The New York Philharmonic has a new setting


Design and acoustics tuned to the millimeter: after months of work, the prestigious New York Philharmonic Orchestra will perform in a renovated venue. A project worth more than half a billion dollars.

With two weeks to go, it's time for final adjustments for musicians. But also for the acoustic specialists who are putting the finishing touches to the walls and ceilings of David Geffen Hall. “It's a bit like going on a sound safari. It's really about reinventing the sound of the orchestra."explains to AFP Jaap van Zweden, conductor and musical director of the “Phil”.

According to him, the dated design of David Geffen Hall, opened since 1962 within Lincoln Center, did little to contribute to good acoustics. From now on, the musicians will “find a lot of sounds and beauty” but “this honeymoon between them and the room needs time”, he warns. Born in 1995, the pharaonic project at 550 million dollars dragged on for a long time. Paradoxically, the pandemicby forcing the room to close to the public, has accelerated things.

More than 600 workers and technicians worked permanently on the site. The renovation reduces capacity from 2,738 to 2,200 seats, but visibility will be improved and some spectators will be placed behind the orchestra, whose stage has been moved forward slightly to enhance the surround effect. “The walls were clad in beech wood to support the low frequencies in the room”explains chief acoustician Paul Scarbrough.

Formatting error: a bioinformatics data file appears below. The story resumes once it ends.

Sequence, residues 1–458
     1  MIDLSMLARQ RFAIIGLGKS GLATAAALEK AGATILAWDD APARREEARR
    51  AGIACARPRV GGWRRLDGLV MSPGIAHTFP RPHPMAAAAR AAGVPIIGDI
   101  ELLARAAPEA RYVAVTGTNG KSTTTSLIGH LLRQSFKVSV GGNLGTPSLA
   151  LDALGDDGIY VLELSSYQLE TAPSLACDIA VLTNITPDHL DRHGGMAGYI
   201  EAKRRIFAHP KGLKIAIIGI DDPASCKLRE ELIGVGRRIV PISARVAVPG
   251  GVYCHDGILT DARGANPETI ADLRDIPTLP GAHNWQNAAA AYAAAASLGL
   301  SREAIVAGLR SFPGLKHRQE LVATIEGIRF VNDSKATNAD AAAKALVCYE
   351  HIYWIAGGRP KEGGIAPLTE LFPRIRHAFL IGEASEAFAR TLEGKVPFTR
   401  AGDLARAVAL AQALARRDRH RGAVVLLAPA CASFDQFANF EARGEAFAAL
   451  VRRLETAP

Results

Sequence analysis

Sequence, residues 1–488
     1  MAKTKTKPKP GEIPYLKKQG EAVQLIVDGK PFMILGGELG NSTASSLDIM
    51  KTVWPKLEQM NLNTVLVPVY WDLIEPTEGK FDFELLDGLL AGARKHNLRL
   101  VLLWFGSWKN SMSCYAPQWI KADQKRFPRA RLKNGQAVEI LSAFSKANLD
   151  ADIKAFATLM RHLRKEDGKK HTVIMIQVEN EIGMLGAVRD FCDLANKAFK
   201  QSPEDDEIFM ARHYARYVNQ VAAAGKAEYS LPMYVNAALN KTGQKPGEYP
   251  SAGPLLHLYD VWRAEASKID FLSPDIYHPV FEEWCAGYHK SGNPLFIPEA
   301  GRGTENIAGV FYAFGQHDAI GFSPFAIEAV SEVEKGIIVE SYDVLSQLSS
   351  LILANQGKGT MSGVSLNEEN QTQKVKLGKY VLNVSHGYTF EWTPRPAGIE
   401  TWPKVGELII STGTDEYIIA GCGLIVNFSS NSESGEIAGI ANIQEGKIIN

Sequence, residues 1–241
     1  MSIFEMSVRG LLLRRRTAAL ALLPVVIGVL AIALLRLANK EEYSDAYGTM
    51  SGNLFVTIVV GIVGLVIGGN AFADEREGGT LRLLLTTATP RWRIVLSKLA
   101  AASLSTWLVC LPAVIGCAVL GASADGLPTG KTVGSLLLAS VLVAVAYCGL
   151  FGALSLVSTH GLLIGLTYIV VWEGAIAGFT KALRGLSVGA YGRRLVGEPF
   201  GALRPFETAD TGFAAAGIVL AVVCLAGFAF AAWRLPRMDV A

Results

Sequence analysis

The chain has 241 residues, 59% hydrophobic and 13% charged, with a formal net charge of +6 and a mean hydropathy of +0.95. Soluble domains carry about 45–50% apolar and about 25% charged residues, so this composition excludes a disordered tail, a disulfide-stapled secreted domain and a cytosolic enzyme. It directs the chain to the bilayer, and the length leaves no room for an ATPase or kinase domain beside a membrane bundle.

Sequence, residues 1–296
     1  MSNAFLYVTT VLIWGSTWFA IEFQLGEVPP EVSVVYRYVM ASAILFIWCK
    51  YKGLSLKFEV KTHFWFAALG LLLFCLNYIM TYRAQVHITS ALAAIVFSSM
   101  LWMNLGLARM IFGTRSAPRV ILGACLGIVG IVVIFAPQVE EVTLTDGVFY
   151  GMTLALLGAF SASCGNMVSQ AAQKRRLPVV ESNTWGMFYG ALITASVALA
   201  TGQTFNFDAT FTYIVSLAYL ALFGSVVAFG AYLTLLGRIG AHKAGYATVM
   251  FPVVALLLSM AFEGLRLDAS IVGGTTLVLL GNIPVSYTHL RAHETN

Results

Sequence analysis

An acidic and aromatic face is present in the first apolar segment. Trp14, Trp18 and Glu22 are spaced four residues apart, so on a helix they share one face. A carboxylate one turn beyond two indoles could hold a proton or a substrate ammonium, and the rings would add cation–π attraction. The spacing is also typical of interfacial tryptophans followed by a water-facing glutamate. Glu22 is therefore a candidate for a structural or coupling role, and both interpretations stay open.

The sound becomes different

Another novelty: a modular acoustic canopy. "We were able to fine-tune both the amount of energy returned to the musicians on stage (...) and the amount directed towards the audience"adds Paul Scarbrough.

The acoustics have been tested and adjusted with different musical works, to better bring out the "different colors, textures, timbres and layers of instruments", he also explains. An experiment "unbelievable" for violinist Yulia Ziskel, 22 seasons on the clock, who says that with certain changes, “the sound suddenly became different”.

The setting of the hall since August marks a homecoming for the Philharmonic, America's oldest musical institution, established in 1842. The orchestra has had to perform in other spaces at Lincoln Center since March 2020. "I can't wait to see what the public will see"confides trumpet player Ethan Bensdorf, at the dawn of his fifteenth season. "That's why we are musicians (...) that's why live music is so magical"he adds.

If the season officially kicks off on October 12 with the world premiere ofOyaby the Brazilian Marcos Balter, the very first meeting is set for October 8. San Juan Hill: A New York Story, will mark the inauguration of the premises. The show was composed by trumpeter Etienne Charles. It traces the life of the African American, Caribbean and Puerto Rican communities living in the Upper West Side neighborhood before the massive urban renewal operation. This saw the birth of Lincoln Center, one of the artistic centers of Manhattan, where the Metropolitan Opera and the New York City Ballet.



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